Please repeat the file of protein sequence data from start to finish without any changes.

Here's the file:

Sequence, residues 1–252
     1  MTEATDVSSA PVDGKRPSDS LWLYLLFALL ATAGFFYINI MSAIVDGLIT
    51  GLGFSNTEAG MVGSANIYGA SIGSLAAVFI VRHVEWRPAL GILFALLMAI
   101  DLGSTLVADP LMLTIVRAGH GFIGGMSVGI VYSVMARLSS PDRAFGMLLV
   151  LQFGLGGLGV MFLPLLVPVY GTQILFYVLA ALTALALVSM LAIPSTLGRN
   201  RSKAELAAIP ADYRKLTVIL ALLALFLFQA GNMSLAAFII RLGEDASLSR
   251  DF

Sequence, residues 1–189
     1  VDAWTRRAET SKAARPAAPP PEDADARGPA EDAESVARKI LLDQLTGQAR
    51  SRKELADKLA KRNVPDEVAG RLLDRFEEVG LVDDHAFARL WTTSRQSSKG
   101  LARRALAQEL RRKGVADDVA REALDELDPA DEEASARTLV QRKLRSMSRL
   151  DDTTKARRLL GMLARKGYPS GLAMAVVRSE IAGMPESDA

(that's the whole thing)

Sequence, residues 1–252
     1  MTEATDVSSA PVDGKRPSDS LWLYLLFALL ATAGFFYINI MSAIVDGLIT
    51  GLGFSNTEAG MVGSANIYGA SIGSLAAVFI VRHVEWRPAL GILFALLMAI
   101  DLGSTLVADP LMLTIVRAGH GFIGGMSVGI VYSVMARLSS PDRAFGMLLV
   151  LQFGLGGLGV MFLPLLVPVY GTQILFYVLA ALTALALVSM LAIPSTLGRN
   201  RSKAELAAIP ADYRKLTVIL ALLALFLFQA GNMSLAAFII RLGEDASLSR
   251  DF

Sequence, residues 1–189
     1  VDAWTRRAET SKAARPAAPP PEDADARGPA EDAESVARKI LLDQLTGQAR
    51  SRKELADKLA KRNVPDEVAG RLLDRFEEVG LVDDHAFARL WTTSRQSSKG
   101  LARRALAQEL RRKGVADDVA REALDELDPA DEEASARTLV QRKLRSMSRL
   151  DDTTKARRLL GMLARKGYPS GLAMAVVRSE IAGMPESDA